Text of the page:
Most of the time we're succeeding, there seems to be one way to proceed. We are clear we're doing something in a way that works. We are steering clear of the ways to fail. We have in mind doing more of the same because it is succeeding. We figure anyone who criticizes or demonizes our success is a loser, envious outcast or worry wort.When we are succeeding in this way, we can "do the thing right". We cannot "do the right thing". We cannot make wise choices about which thing to do. This is a problem for the entrepreneurs I mentor. It's the same problem for big corporations that injure third parties, local economies and the natural environment.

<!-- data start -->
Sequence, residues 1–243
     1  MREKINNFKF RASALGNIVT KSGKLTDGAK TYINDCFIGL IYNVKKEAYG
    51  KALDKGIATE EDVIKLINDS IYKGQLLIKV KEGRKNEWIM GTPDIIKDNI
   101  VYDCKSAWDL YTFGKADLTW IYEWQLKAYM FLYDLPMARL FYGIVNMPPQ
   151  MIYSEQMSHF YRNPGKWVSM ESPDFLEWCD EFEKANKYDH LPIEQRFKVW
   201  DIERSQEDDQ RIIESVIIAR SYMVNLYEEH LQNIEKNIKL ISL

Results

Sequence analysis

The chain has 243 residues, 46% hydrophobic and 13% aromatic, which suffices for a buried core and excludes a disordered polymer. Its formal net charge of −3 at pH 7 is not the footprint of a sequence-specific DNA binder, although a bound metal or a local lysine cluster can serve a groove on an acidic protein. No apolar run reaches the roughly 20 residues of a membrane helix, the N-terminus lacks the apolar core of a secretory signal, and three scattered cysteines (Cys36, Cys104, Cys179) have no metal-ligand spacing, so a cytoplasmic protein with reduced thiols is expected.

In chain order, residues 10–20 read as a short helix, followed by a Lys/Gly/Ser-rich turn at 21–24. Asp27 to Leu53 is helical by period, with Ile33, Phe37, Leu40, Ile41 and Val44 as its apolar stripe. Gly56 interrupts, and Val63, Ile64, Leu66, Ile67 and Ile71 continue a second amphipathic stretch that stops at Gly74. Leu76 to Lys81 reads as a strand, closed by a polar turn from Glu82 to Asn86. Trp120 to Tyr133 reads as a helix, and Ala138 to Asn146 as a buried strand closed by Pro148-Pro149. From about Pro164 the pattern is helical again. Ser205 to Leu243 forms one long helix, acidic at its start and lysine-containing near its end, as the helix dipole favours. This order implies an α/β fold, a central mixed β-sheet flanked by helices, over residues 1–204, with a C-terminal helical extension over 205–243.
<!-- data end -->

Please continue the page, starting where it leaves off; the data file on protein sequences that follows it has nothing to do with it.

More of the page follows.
Changing to "doing the right thing" is threatening. It puts our success in jeopardy. The possibility of changing like this -- questions our intentions, conduct and sanity. It challenges everything we did that got the job done and steered clear of failure. It appears to be an invitation to act like a loser, validate the critics and submit to condemnation of our good intentions.When we can "do the right thing", we've opened our closed minds. Our determination to succeed is replaced by the interpretation of outcomes. We consider more points of view and potential consequences. We realize the effects of our actions on the bigger situation. We weaken our resolve to strengthen our sensitivity. We expand the boundaries of our system that "does the thing right". We become more responsive, inclusive and community minded.
All these changes we're exploring are threatening in this way. Context developers who create discovery systems are "doing the right thing". Content developers who perpetuate delivery systems are "doing the thing right".